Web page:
Japan’s third largest automaker, Honda Motor Co, decided to lower its core annual profit forecast by 6.5 percent for 2015 as it needs to factor in the hundreds of millions of dollars needed to cover the recalls stemming from the Takata airbag issue.
Reported third-quarter earnings were almost a 25 percent lower as it started to absorb the recall-associated costs – with Honda being the largest client of Japan’s auto safety supplier Takata Corp. The parts maker has been at the center of a growing global safety crisis, with is airbag inflators prone to rupture and exploding with too much force, sending metal debris flying at high velocity inside the cabin. So far, five deaths have been confirmed – all in Honda-produced vehicles – and a recent accident might add another fatality to the count. After previously predicting it would have a profit of 770 billion yen for the fiscal year ending March 31, the automaker now predicts it would only reach 20 billion yen ($6.1 billion). The company also set aside an extra 50 billion yen to cover quality-related issues, including the Takata airbag recalls.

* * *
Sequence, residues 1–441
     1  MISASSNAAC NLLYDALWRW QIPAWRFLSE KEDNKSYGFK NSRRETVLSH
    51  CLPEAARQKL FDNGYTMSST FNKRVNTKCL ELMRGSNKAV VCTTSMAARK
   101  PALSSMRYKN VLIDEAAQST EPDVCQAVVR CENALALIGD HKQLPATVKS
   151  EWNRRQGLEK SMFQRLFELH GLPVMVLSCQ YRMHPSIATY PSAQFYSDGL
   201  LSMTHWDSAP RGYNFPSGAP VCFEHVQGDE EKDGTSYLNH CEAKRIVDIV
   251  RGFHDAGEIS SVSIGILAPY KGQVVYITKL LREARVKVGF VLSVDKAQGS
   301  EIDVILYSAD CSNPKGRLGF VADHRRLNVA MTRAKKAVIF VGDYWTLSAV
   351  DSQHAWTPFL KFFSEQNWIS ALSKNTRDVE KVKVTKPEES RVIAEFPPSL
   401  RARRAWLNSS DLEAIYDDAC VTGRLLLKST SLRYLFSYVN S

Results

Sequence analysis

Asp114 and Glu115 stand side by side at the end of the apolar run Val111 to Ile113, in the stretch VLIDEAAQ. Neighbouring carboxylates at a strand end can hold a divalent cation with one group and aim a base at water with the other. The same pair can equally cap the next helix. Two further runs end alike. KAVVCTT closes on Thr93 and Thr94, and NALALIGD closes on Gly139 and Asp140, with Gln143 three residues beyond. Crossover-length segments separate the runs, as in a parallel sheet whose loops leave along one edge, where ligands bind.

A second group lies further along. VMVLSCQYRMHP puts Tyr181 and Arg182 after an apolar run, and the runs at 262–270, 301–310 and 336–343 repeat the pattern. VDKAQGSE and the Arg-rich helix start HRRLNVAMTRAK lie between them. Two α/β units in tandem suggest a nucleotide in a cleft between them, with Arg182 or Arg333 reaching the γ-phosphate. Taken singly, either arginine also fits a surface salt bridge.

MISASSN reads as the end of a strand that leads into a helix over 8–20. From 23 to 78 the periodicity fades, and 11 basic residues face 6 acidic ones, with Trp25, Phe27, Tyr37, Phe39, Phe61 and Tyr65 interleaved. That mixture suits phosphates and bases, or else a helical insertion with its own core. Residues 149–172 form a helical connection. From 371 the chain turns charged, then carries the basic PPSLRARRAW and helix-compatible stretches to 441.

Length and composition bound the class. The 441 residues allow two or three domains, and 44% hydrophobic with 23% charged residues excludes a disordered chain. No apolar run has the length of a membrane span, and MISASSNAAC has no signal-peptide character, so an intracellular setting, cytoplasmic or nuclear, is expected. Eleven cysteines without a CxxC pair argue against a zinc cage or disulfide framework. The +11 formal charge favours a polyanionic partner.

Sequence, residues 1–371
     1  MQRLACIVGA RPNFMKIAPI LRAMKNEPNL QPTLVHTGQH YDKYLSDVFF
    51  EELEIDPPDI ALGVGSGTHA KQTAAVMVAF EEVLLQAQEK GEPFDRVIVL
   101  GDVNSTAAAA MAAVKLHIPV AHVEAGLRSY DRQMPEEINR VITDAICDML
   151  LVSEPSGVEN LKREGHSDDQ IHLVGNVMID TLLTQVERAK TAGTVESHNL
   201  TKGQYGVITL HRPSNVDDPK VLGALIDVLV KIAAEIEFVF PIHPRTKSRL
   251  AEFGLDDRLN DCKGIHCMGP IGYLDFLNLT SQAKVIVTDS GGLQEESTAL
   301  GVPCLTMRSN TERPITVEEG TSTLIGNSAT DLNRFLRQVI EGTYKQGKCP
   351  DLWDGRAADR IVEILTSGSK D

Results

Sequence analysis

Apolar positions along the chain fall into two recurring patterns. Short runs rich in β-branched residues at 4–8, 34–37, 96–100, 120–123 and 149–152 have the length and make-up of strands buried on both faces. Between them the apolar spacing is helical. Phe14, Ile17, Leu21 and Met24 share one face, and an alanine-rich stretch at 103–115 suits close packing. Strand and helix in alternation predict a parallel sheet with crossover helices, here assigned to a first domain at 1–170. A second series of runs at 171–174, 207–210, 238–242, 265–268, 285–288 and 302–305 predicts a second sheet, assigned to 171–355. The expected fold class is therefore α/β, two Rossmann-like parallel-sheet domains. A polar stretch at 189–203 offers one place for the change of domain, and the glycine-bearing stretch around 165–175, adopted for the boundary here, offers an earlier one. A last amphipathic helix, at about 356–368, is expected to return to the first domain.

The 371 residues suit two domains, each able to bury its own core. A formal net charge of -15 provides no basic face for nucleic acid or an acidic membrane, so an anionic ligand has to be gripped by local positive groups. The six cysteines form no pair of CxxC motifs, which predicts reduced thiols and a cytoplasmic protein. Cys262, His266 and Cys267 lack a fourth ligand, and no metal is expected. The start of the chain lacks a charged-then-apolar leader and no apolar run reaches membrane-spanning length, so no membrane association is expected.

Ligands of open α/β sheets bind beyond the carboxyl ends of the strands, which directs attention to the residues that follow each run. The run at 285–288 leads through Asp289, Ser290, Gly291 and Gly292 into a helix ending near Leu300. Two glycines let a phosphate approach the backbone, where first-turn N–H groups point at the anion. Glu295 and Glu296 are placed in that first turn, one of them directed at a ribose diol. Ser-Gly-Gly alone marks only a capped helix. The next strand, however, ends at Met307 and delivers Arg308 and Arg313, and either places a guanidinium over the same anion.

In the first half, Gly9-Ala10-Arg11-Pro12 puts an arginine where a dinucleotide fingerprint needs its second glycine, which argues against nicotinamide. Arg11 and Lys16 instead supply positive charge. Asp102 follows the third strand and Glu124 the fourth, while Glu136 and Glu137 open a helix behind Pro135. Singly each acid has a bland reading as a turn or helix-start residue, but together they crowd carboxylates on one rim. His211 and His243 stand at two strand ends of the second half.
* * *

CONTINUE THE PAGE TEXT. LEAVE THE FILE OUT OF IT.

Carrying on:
While Honda’s Executive Vice President Tetsuo Iwamura said the company is not seeing “a big impact on sales in North America from the air bag issue,” the carmaker’s latest quarter earnings (the three months ending in December) dropped 22.5 percent to 177.2 billion yen from 228.57 billion yen in the same period a year earlier. Honda also lowered the sales outlook for the full fiscal year to a total of 4.45 million units, down from he 4.62 million it previously expected – with slowing deliveries in its home market to blame.